SWLing Post reader, Chris Smolinski of the HF Underground, has shared data he has collected from listener-submitted pirate radio logs prior to and following the US government shutdown. The results are intriguing.
As frustrated as many are over the US government shutdown, it nonetheless offers one unique benefit to the shortwave radio community, and to pirate radio in particular––no FCC enforcement.
As we mentioned earlier, the FCC’s enforcement arm was shut down along with all other FCC activities that weren’t directly connected with “the protection of life or property.”
The result? Pirates––lots of pirates––on the air! The Jolly Roger flaps in the breeze…
Pirate radio activity since the shutdown has truly been at a record high, with pirates taking to the airwaves throughout the week, and especially on the weekends.
Case in point: this past weekend, the North American “pirate radio grounds” of 6,920-6,970 kHz were packed with pirate radio stations. There were even crowded band conditions; at one point I tweeted that there were no less than three pirates broadcasting simultaneously in just a small chunk of bandwidth on AM. Indeed, there may even have been a fourth that I couldn’t quite detect…An unusual occurrence, to say the least. And with pirate radio’s favorite holiday, Halloween (think War of the Worlds), fast approaching, there’s likely to be more such unusual activity.
Many ham radio operators are aware of the upcoming Wake Island DXpedition commemorating the 70th anniversary of the World War II massacre; everything had been arranged in advance, including payment for the flight to Wake Island. But as the last leg of the operators’ trip to Wake Island relies upon a coordinated venture with the US Air Force, just as many USAF employees suddenly find themselves on furlough, the trip has been placed on hold until the shutdown ends. This is particularly unfortunate in that DXpeditions are pricey ventures; the total cost of the Wake Island DXpedition cost each radio operator $9,000 out-of-pocket, for a grand total of $140,000 US.
I received the following message from the DXpedition on Wednesday:
Those of us on the Wake Atoll DXpedition team were scheduled to depart today for Hawaii, on our way to Wake Island Friday.
However, because of the U.S. Government shutdown yesterday, the DXpedition has been delayed. The USAF is preoccupied with sequestration activities and many staff personnel have been furloughed.
We are hoping this is a short-term delay, as we continue to pursue the approval process. As soon as a revised schedule is finalized, new dates will be posted on the Wake DXpedition website.
In the meantime, thanks to all for your continued support.
John Miller, K6MM
Yesterday, the DXpedition actually caught the attention of the Reuters news service:
For anyone questioning the reach of the federal government shutdown, consider Wake Island.
Not much more than military-plane refueling and classified operations occur on the unincorporated U.S. territory, a coral atoll located between Hawaii and Guam, about 6,700 miles (10,780 kilometers) from the legislative standoff in Washington.
That was about to change this week with the arrival of a dozen ham-radio operators who thought they’d won approval for a two-week commemoration of the 70th anniversary of the World War II massacre of almost 100 U.S. civilian contractors on Wake Island by the Japanese on Oct. 7, 1943.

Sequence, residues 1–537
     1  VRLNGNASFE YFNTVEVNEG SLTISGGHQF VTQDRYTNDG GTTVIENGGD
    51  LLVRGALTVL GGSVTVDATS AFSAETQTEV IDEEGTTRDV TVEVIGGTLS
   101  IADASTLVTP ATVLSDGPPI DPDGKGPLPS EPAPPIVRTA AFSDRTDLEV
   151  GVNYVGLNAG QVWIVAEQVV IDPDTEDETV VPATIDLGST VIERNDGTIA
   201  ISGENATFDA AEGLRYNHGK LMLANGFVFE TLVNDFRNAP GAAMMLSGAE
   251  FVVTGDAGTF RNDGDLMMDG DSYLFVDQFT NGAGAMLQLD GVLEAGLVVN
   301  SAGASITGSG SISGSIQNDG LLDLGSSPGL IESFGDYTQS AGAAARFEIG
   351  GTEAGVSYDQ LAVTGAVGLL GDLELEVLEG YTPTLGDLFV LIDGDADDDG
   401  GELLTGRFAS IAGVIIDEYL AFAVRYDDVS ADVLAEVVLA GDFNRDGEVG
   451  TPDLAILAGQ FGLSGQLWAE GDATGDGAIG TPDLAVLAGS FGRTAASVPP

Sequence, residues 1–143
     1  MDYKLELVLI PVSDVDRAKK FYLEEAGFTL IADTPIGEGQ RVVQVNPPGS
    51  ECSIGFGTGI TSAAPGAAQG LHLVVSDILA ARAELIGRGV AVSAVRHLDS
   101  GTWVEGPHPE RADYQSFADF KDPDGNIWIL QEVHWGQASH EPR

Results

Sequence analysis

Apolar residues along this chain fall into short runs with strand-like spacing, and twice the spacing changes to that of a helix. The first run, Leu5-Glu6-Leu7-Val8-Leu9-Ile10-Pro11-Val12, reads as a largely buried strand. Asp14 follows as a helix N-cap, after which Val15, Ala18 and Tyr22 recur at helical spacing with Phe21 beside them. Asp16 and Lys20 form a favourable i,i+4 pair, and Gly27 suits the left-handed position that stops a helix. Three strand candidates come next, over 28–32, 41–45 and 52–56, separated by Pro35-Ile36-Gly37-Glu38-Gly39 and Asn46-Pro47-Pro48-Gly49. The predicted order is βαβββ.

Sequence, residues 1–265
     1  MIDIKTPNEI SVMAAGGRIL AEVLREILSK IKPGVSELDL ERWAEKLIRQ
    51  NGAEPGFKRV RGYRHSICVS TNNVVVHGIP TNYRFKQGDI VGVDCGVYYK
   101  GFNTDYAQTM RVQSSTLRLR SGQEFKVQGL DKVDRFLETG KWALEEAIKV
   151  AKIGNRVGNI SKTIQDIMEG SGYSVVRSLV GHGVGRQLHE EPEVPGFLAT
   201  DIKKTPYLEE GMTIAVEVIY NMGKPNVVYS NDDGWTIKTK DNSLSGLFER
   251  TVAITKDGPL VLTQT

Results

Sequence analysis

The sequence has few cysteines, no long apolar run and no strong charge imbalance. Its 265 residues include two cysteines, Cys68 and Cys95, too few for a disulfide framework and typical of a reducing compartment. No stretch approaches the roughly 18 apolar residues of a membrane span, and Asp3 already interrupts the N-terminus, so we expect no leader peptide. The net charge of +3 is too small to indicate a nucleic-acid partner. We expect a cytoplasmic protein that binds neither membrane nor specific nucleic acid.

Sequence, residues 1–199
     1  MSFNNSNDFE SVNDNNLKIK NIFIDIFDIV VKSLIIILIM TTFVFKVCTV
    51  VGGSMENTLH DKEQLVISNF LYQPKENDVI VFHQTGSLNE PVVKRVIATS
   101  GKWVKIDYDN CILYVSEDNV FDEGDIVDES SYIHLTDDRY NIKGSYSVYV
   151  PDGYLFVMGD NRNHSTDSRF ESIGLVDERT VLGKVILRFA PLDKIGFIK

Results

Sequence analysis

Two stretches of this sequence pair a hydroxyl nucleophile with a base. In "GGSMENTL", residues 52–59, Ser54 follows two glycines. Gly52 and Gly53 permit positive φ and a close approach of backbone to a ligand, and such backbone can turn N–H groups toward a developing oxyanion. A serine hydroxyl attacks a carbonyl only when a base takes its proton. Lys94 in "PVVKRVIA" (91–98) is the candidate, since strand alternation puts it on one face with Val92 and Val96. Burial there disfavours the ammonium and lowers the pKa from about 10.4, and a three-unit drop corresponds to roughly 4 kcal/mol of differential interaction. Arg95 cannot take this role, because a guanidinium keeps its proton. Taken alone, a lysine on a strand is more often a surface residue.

Instead, after months of preparation, the trip is on ice because of a paperwork delay the group attributes to the partial federal shutdown, which started Oct. 1 as Republicans and Democrats failed to agree on a stopgap spending measure.
“They made it sound like it was just unfortunate timing,” said Craig Thompson, 61, one of the expedition’s leaders. “At the level that it was at, they were focused on what they had to do to shut down government, to prepare their budgets and deal with all of the other changes that were going on.”
The operation was of special interest to tens of thousands of ham operators inside and outside the U.S. The hobbyists collect contacts with all countries and islands in a practice known as DXing. Because Wake Island hasn’t had a major radio expedition since 1998, there’s great demand for its confirmation of a contact there.
All the paperwork was in place, except for final travel orders that needed one last Pentagon signature, said Thompson, an electronics company owner from central Illinois who is a veteran of radio expeditions to other remote locales, including Midway Island and Swains Island in thePacific Ocean.
[…]The U.S. Air Force manages Wake and access is restricted. The group was to fly commercial on Oct. 2 to Honolulu, where they would have then boarded a military flight today to Wake.
The decision to cancel was made late on Oct. 1 after determining the group probably wouldn’t get final approval in time to catch the second flight, flown once every two weeks.
I noted at least seven pirate radio loggings here in North America on Wednesday, October 1–the first day of the US government shutdown. This is a remarkable number of pirate loggings for a weekday night.
The American Forces Network’s Pacific transmitting site, Diego Garcia, will have reduced radio broadcasts due to the US government shutdown. The following is a statement from their Facebook page:
“In light of the government shutdown, because of mandatory staff reductions at the AFN broadcast center, AFN will reduce television services to the news and pentagon channels only. AFN radio will carry some football games live on the voice. We’ll keep you updated as the situation progresses.”
AFN Diego Garcia broadcasts on 12,579 kHz and 4,319 kHz . Many thanks to Sudipta Ghose for the tip!